Tax Court in Brief | Thompson v. Commissioner | Conservation Easements: Donor Improvement Carve-Outs and Supervisory Approval for Valuation Penalties

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Tax Litigation:  The Week of July 18th, 2022, through July 22nd, 2022

Thompson v. Commissioner, T.C. Memo. 2022-80 | July 20, 2022 |Lauber | Dkt. 8792-20.

Short Summary:

Petitioner made a conservation easement donation and claimed charitable contribution deductions. The IRS disallowed the deductions and asserted accuracy-related penalties (I.R.C. § 6662(a)). The Petitioner timely field for redetermination. In its Answer, the Commissioner asserted additional penalties for valuation misstatements (I.R.C. § 6662(e), (h)) and later filed for summary judgment.

Key Issues:

The court evaluated whether there was a genuine of material fact that:

  • The IRS properly disallowed the deductions because the easement’s conservation purpose was not “protected in perpetuity” consistent with I.R.C. § 170(h)(5)(A); and
  • The IRS secured supervisory approval of the penalties consistent with I.R.C. § 6751(b)(1).

Protection in Perpetuity.

The Commissioner argued that the deed of easement improperly carved-out proceeds for “donor improvements” from a hypothetical sale of the property in the event the easement is extinguished.


Petitioner argued that the Commissioner failed to authenticate penalty approval forms and a sworn declaration. Therefore, he asserted the IRS would have to prove prior written approval at trial and that its personnel should be subject to cross-examination. Additionally, the Petitioner contended that prior written approval of the valuation penalties was ineffective because the relevant personnel lacked “real estate expertise” and failed to consult with a property valuation expert.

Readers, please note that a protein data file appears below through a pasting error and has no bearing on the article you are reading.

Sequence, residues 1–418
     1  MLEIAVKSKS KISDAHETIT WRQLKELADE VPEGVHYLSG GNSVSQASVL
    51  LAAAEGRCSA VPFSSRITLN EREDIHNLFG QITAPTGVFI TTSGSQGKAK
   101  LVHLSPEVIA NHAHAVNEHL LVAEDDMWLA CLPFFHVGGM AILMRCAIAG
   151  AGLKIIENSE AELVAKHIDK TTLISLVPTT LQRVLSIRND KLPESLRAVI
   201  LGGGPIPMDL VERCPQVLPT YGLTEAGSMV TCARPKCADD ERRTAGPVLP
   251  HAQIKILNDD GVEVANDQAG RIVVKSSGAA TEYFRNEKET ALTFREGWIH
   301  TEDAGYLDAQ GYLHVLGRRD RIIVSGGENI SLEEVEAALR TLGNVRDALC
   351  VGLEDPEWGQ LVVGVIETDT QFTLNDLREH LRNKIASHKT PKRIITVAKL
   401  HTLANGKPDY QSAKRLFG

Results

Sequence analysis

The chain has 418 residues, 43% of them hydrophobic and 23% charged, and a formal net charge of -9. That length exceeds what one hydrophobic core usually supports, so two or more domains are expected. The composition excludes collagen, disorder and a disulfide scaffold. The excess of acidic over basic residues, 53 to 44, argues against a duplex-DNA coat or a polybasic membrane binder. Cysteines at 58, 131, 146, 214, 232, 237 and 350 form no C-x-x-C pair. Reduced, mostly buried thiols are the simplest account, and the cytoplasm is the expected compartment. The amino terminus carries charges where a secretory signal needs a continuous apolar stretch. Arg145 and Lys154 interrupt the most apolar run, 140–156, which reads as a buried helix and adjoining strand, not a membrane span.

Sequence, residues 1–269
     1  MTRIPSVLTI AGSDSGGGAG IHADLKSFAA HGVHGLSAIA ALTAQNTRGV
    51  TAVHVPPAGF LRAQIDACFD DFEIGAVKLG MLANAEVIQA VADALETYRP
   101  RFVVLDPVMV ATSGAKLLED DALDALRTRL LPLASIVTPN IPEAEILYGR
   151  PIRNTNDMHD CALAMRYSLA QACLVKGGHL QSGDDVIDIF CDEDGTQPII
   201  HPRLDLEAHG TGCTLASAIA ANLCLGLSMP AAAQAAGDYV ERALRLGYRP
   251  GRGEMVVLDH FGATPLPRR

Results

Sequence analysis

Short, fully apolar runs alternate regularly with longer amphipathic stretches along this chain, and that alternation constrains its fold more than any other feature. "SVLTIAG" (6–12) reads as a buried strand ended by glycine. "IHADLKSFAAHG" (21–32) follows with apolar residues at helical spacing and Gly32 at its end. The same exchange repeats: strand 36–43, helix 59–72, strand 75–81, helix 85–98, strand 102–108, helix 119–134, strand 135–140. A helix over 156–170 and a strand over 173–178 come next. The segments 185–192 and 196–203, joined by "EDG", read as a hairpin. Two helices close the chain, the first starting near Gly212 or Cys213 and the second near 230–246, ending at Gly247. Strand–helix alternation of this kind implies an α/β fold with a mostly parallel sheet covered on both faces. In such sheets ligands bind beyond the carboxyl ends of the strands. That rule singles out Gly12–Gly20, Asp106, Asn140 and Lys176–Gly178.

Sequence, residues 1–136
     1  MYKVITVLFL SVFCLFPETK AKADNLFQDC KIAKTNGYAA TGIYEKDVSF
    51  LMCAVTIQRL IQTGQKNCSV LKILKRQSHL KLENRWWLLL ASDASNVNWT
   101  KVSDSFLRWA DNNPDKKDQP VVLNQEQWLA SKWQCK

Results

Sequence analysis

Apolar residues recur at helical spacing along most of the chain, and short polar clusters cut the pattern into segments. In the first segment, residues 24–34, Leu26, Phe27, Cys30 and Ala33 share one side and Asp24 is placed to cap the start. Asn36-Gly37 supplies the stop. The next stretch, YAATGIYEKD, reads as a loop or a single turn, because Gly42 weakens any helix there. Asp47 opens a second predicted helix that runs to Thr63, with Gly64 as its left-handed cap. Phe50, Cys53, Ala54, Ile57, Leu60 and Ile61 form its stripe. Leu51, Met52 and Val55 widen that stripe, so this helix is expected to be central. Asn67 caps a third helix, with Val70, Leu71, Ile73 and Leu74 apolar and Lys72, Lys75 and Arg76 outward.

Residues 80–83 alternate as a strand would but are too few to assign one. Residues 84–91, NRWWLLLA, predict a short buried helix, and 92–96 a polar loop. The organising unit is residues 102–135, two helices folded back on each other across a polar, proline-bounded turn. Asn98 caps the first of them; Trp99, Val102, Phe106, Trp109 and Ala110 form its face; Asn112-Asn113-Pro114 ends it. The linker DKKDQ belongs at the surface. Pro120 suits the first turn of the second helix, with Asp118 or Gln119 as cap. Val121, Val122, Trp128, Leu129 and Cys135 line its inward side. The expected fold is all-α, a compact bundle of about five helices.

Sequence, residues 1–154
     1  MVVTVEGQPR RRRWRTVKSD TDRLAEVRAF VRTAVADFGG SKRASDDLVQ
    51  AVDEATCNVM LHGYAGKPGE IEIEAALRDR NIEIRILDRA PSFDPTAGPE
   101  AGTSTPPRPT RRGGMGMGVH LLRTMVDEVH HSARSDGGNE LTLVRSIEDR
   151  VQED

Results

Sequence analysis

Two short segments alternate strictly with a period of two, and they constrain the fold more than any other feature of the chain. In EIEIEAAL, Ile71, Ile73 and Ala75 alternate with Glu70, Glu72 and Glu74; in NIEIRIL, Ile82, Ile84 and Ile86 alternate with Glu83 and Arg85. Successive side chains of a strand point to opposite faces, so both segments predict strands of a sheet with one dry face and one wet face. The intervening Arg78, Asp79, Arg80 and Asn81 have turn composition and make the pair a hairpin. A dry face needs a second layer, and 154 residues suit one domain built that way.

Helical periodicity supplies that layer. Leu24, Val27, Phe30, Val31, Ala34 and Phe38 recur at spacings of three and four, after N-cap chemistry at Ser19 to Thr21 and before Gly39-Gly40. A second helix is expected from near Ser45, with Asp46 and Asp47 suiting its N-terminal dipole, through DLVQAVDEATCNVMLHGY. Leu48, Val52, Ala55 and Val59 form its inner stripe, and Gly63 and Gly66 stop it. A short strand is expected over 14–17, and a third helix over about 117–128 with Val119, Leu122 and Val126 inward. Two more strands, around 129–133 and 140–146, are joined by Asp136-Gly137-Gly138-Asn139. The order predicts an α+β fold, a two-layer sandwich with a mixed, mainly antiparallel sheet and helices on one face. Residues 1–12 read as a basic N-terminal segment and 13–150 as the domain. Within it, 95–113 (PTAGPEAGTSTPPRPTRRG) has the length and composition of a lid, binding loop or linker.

Primary Holdings:

  • The Commissioner did not prove as a matter of law that the deed failed to protect the easement’s conservation purpose in perpetuity. A prior Tax Court ruling supported the Commissioner’s contention, but the Tax Court was bound by contradictory case law from the Eleventh Circuit.
  • There was no genuine issue of material fact whether the IRS complied with prior supervisory approval requirement. The penalty approval forms and the supervisor’s declaration were sufficient proof. Prior written supervisory approval for valuation penalties generally do not require explanation of assessments or comprehensive depth. Further, no appraisal was necessary because the Petitioner’s own deductions presupposed a nearly 900% increase in value in just over a year, which the Court implied was not credible. Further, Petitioner failed to introduce a genuine issue of material fact because Petitioner did not allege that IRS communicated with him regarding the penalties prior to assessment of the penalties.

Key Points of Law

  • Generally, deductions are not allowed for charitable contributions that donate less than the taxpayer’s entire interest in the property. I.R.C. § 170(f)(3)(A). However, deductions for a “qualified conservation contribution” of an easement are allowed if the conservation purpose is “protected in perpetuity.” I.R.C. § 170(f)(3)(B)(iii), I.R.C. § 170 (h)(1), (h)(1)(C), (h)(5)(A)